Dreams lost to mining plans


Dreams lost to mining plans

Storm Powell (front), Norwich Park, Dysart, and Sally Conway, Currawong, Wandoan, are angry their dreams of careers in agriculture are in jeopardy from mining expansion.


Posted 04 September 2011, by Troy Rowling, Queensland Country Life (Fairfax Media), qcl.farmonline.com.au


SALLY Conway and Storm Powell have not finished high school, yet they are already learning the harsh realities of rural life.

The 14-year-old girls dream of careers in agriculture, but believe their ambitions are being taken away by the mining industry.

The young women want to tell their story to inspire other young people to take up the fight to protect prime agricultural land for their generation.

Sally’s parents owned three beef properties at Wandoan, the blocks accumulated over two decades of hard work.

They had hoped to provide a property for each of their three children – including Sally – when they were old enough.

However, Sally was nine when Xstrata announced plans to construct the largest open-cut coalmine in the southern hemisphere in her backyard.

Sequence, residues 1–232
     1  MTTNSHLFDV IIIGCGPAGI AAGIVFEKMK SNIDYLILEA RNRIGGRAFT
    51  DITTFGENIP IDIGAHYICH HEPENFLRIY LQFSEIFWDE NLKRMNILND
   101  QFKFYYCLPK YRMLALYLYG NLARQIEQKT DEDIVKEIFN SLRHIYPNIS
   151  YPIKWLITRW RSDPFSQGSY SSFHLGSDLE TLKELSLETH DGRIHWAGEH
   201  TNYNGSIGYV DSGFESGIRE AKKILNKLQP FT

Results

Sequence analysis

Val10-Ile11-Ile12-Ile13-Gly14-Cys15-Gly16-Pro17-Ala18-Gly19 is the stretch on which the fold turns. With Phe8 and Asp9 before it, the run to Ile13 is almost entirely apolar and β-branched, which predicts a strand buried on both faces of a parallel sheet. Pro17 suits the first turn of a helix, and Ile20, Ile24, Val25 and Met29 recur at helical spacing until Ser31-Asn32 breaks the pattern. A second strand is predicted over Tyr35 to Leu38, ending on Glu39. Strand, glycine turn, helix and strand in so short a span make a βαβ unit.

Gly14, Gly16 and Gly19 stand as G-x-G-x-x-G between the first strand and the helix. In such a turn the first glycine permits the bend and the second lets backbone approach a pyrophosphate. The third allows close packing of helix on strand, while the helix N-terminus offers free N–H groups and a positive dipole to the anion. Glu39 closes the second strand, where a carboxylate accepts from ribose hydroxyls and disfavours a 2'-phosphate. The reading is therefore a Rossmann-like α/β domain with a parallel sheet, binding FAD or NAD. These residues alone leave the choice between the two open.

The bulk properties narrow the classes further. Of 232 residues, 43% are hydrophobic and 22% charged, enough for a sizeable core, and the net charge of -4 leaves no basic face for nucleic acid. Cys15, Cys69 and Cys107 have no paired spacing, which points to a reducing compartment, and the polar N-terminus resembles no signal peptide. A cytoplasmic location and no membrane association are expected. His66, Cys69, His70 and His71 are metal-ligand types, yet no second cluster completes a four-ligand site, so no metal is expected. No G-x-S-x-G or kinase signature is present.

After years of resisting the company, her parents reluctantly sold a property to Xstrata. The remaining two properties are now also under threat from the second stage of the mine’s development.

“It’s all I’ve ever dreamed of doing and it is being taken away,” she said. “We all have our rights and they need to be recognised.”

Storm can watch the mining blasts from her verandah at the family property near Dysart.

The BHP Billiton Mitsubishi Alliance (BMA) open-cut mine, which has been in the region for more than two decades, has taken over 2800 hectares of her family property, almost half of which was cultivated land on the cattle and grain property.

Storm dreams of studying veterinarian science and specialising in equine medicine, but with mining taking over agricultural land, she does not know how viable her own vet practice might be.

She said she had witnessed Dysart become an increasingly mining-driven community.

“I don’t know if it will be possible to be an equine vet with my own business in Dysart with all the mining going on,” she said.

“We can’t muster in certain parts of our property because the mine is there. Everywhere you ride you look out and what was once beautiful country is now just rock.”

Sally said the State Government should think beyond the anticipated 30-year mining boom and focus on food security for next century.

“Our dads are the smartest people we know. They’ve taken nothing and worked their whole lives to build it into a business so we can take it over. They’ve given us the biggest push-start to help us, and then the mining comes along.

“The companies can give you all the money in the world but you don’t want to give it up for what you love. The money is not worth anything.”





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